BlogHuman Resources

9 Pre-Onboarding Strategies to Ramp Your New Hires Quickly

Terri James
VP of Product
Human Resources
March 28, 2024

This blog unveils effective pre-onboarding strategies to engage new hires, set clear expectations, and streamline them into their new roles, enhancing early employee experience and retention.

Onboarding Checklist

According to SHRM, 69% of employees are more likely to stay with a company for three years if they experienced great onboarding.

But a Gallup poll found that only 12% of employees say that their organization does a great job of onboarding.

The high cost of employee turnover makes onboarding extremely valuable and a way for you to differentiate yourself as an employer.

You might not realize, however, that effective onboarding starts before your new hire's first day. Employee pre-onboarding sets your new hires up for success even before they start work.

What is employee pre-onboarding?

Pre-onboarding is the process of preparing your new hire for their first day. It includes communication with your employee, administrative tasks, and advance planning of the onboarding phase.

While pre-onboarding isn't strictly necessary, it prepares your new hire, their team, and the company at large for a successful onboarding process. And effective onboarding can have significant effects on retention and productivity.

So how do you engage in pre-onboarding your new employee? Here are nine steps you can take for your next hire:

1. Send a welcome kit

A welcome kit is a great way to show your new hire that you're excited about having them be a part of your team. It doesn't need to be a huge production – even a small gesture can be meaningful if you put some thought into it.

Percolate's new hire welcome packet

So what should you include in a welcome kit?

A typical one includes a bit of company swag – a water bottle, pen, notepad, maybe a piece of clothing – some necessary paperwork and forms, an employee handbook, some notes on company culture, and a welcome letter. If you're not sure what to include in your own employee welcome kit, we have a guide to 10-must have items.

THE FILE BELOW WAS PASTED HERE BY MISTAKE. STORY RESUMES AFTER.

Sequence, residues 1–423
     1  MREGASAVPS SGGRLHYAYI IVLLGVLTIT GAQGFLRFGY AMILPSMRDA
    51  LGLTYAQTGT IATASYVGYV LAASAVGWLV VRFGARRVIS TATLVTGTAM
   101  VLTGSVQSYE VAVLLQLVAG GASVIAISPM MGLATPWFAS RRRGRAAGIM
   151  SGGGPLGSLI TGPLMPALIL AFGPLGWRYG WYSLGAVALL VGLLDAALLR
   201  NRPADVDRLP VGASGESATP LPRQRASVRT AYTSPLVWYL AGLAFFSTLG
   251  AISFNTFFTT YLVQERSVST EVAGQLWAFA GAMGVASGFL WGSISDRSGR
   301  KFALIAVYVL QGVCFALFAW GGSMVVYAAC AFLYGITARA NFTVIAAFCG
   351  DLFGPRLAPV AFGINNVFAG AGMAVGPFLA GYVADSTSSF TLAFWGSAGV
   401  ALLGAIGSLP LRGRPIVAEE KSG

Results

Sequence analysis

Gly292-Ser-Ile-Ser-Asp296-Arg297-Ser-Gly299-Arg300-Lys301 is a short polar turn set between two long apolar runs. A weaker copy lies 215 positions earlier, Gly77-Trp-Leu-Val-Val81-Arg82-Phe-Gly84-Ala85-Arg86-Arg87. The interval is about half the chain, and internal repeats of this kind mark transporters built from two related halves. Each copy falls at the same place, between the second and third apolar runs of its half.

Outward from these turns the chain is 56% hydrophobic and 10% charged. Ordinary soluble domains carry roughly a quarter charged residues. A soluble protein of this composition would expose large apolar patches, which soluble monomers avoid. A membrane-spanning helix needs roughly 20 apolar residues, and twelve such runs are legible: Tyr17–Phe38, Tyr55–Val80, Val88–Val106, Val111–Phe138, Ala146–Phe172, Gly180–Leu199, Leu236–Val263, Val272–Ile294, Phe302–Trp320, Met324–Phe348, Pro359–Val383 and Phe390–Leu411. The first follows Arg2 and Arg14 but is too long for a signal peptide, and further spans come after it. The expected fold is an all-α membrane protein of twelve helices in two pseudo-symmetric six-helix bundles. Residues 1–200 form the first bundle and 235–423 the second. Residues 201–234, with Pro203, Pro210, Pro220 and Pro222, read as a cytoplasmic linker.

2. Assign a mentor or buddy

A new hire should feel comfortable talking to their boss or supervisor about work-related questions, but having a mentor or buddy can put them at ease if they want to know things like the best lunch spot nearby, the code for the office bathroom, or which might share some of their interests or hobbies.

Even if you don't have a formal mentorship program, you could ask for volunteers among your current employees. It generally doesn't take much time or effort to answer questions, check in every once in a while, and make your new hire feel welcome.

Let your new hire know that someone will be there to answer their questions, too – it can ease some of the pre-first-day jitters.

3. Invite your hire to a social event

It's nice for a new hire to see some familiar faces on their first day in the office (or on a team Zoom call). Inviting a new employee to a social event before their first day is a great way to start laying the groundwork for good relationships on your team.

If your company is having a happy hour, a weekend retreat, or a Zoom happy hour, invite your new hire, even if they haven't started yet. And if there's nothing planned, consider hosting a casual lunch or coffee meeting with your team to do some introductions.

4. Prepare tech and logins

Will your new hire be getting a computer or any other equipment? Do they need a keycard or fob? Which systems will their accounts need to access? Doing this kind of setup on the first day on the job isn't abnormal, but having it dealt with ahead of time can save a few headaches.

The process you'll need to take to do this depends largely on your IT and HR processes, so work with those teams to streamline as much as you can. And be sure to keep documentation for next time (we'll come back to this point in a moment).

5. Have a plan for job-specific training

Do you have a 30-60-90 plan for your new hire? If not, now is the time to create one. This plan is a great way to keep managers and employees on the same page when it comes to goals for knowledge-building, training, and responsibilities.